Billy Crystal’s book provides welcome relief from griefBy Sharon Robas-Macawile
Philippine Daily Inquirer
The passing of our dear dad months ago has shaken our world in ways we could not imagine. Being a daddy’s girl, I feel a deep sense of loss and sadness every time I realize that I will no longer see him.
Reading Billy Crystal’s book, “700 Sundays,” has provided some relief. When I got the book, I had no idea what it was about. But, since it had Hollywood’s comedian extraordinaire on the cover, I knew it would be funny. Little did I know that I would be needing the book to cheer me up!
“700 Sundays,” published in 2005 by Warner Books, is about the number of Sundays Billy spent with his dad, Jack Crystal, who died of a heart attack when the younger Crystal was only 15 years old. His dad held two jobs, so Sunday was the only day he could spend with his family. The book is based on Billy’s Tony award-winning play, which is returning to the Broadway stage later this year.
I laughed and cried as the actor recalled his life’s ups and downs—as if he were talking to me. I could imagine the audience’s reaction to its stage version! Each chapter is filled with wonderful memories. Crystal’s description of their relatives is hilarious—how “they spoke mostly Yiddish, which is a combination of German and phlegm. This is a language of coughing and spitting; until I was 11, I wore a raincoat…!”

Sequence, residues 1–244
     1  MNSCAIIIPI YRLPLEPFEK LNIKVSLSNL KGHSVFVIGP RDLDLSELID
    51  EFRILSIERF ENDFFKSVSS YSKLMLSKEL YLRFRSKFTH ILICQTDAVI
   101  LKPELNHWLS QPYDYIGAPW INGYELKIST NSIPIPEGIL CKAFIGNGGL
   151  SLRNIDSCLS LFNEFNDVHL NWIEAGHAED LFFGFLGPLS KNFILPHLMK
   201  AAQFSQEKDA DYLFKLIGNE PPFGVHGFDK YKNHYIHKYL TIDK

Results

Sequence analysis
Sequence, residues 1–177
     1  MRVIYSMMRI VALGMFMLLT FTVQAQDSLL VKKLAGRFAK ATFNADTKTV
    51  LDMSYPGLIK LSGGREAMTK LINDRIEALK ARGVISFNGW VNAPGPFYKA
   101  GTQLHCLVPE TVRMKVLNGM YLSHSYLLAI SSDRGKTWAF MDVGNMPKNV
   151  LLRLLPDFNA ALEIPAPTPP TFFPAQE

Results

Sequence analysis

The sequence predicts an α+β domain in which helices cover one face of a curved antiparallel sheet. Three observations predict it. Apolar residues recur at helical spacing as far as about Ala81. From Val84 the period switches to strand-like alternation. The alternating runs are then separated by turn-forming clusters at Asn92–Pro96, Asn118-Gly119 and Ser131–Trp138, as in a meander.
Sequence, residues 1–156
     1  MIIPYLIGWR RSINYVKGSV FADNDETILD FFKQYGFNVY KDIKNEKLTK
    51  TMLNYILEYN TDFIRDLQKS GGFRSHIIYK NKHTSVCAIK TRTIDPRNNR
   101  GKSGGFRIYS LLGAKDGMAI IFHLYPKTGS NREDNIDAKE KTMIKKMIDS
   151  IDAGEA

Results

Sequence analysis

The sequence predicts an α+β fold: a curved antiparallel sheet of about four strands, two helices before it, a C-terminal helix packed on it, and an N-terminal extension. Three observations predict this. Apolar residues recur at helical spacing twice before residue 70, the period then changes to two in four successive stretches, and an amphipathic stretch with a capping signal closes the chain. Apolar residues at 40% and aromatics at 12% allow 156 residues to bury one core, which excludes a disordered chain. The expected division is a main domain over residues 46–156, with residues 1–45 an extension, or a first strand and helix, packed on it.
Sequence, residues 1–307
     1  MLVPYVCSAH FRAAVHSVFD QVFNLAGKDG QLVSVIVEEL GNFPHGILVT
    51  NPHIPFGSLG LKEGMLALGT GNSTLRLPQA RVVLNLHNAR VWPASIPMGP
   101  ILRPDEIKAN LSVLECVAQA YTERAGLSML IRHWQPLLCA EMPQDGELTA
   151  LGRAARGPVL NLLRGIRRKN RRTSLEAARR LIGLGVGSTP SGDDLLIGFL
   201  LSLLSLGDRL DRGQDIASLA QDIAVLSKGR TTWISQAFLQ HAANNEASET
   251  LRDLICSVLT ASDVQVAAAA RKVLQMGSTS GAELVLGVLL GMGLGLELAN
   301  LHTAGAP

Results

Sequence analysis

Crystal also mentions the other members of his family who have had a big impact on his life—like his Uncle Milt, who headed Commodore Records and introduced jazz music to his young nephew.
But, Billy’s most indelible memories were the times he spent with his father. He fondly remembers how his dad taught him baseball and how, at a very young age, he was introduced to the world of comedy when his parents, Jack and Helen, took him to a live comedy show—the experience made Billy realize what he wanted to be: “I was only 9 years old, but it was clear (to me) that I was going to be a comedian! There was no confusion.”
The Crystals’ living room became Billy’s first stage, and his relatives roared with laughter as the young comic entertained them with his antics. Together with his equally talented brothers, Joel and Rip, he formed a trio that performed for their eager relatives at family gatherings.
For me, the book’s most moving chapter is when Jack Crystal passed away. It touched my heart in a very personal way as I remembered my dad’s final hours.
It moved me to tears as Billy “started having flashes of what I imagined happened to my dad, the night before . . . The images swirling together through my mind, paralyzing me with their vivid intensity . . .”
My dad also died of cardiac arrest, and although I feel fortunate for having spent more than 700 Sundays with him, I wish we had a thousand more Sundays together.
Happy Father’s Day, Daddy Bing!
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